the question with all the evidence before him on the spot. He may visit the remains of Druidical temples, which, having a circle of nineteen stones, are traced to the same origin as Stonehenge, where the inner circle has also nineteen. He may explore the misty fable that Apollo used to visit Cornwall once in nineteen years, the "great year” of the Greeks; and perhaps without discovering any connexion between the visits of the mythical deity and the rings of nineteen monoliths. He may examine the theories which derive the names of places from a Persian or other Eastern source; and come to the conclusion that the names, after all, are good, honest Celtic. But when he comes to consider the question of trade, he will find testimony over which a lifetime need not be spent to discover its meaning. Ancient smelting-places—locally " Jews' houses”—have been discovered at Trereife and Marazion: shallow pits containing ashes, pieces of charred wood, circular lumps of tin called “ Jews' bowls," and other relics of early industry. The rude smelting operations of the South American Indians are still carried on in pits similarly constructed. Many of these relics, and among them an ancient "pig” or ingot of tin, may be seen in the local museums.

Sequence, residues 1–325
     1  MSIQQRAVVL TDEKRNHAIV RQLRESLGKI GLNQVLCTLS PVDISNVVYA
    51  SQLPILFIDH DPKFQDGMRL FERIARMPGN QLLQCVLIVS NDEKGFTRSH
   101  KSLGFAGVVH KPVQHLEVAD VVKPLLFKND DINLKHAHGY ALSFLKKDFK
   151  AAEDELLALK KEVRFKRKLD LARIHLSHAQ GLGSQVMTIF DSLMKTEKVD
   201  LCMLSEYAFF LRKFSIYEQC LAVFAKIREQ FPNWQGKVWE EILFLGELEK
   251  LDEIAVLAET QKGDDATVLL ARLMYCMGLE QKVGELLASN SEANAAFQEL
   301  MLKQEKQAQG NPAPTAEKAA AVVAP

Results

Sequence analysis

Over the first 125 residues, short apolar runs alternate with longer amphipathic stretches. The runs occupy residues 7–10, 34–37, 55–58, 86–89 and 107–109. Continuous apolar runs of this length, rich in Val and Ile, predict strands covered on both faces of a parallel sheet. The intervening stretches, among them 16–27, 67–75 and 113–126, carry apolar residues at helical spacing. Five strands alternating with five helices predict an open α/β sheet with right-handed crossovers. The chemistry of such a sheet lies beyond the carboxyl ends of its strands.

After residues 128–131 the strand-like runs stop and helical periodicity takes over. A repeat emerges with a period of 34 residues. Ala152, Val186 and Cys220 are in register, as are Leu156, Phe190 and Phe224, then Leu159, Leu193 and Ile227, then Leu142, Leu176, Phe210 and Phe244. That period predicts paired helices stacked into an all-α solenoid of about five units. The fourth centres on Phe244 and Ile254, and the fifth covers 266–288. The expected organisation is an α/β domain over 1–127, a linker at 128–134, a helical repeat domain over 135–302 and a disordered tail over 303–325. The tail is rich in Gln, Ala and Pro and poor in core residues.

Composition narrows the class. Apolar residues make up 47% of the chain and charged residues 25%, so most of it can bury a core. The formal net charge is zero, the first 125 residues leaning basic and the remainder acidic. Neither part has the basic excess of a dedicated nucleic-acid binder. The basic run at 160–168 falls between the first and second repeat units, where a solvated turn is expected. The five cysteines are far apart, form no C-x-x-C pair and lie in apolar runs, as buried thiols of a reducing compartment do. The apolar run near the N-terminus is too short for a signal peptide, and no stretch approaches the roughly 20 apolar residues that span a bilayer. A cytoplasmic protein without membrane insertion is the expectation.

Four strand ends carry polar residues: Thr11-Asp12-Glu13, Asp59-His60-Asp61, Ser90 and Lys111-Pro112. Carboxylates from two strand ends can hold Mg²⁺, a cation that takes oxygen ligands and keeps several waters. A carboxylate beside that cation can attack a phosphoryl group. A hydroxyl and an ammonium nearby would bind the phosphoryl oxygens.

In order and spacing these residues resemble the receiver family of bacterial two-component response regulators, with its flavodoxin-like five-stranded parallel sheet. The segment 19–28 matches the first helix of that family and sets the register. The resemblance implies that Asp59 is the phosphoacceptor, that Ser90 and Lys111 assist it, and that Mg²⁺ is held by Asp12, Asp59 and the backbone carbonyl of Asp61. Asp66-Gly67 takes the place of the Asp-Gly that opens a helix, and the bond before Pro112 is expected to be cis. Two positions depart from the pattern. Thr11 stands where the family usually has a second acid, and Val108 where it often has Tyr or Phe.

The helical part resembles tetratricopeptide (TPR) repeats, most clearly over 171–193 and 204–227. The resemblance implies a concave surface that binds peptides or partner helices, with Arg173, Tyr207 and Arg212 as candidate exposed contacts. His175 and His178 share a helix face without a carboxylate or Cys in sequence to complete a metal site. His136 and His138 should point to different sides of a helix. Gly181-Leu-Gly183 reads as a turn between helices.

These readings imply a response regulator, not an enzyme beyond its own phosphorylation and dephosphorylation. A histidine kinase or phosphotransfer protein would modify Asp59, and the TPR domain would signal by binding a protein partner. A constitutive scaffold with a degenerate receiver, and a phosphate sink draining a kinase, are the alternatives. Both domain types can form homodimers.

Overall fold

To see St. Michael's Mount and not recall its associations is scarcely possible. Alike an object of interest to him who delights in olden legends, him who scans its rocks with the eye of science, to the poet and philosopher, its picturesque form and remarkable history fail not to detain for a while the passing traveller. It carries you back to the primeval times. Hither, while the Greeks were besieging Troy, and the Jews built their Temple, came the proud Phenicians in their galleys to purchase tin of the barbarian islanders. On this point, a local antiquary, not having the fear of the grammarians before his eyes, shows with learned argument that Diodorus Siculus names the Mount Iktin, and not Iktis. Itin signifies Tin-port; and the native name for the Mount being Bré, the Phenicians called the metal purchased here Bré-tin, to distinguish it from that derived from Spain. These postulates made out, the term Britain becomes an easy deduction from Brétin.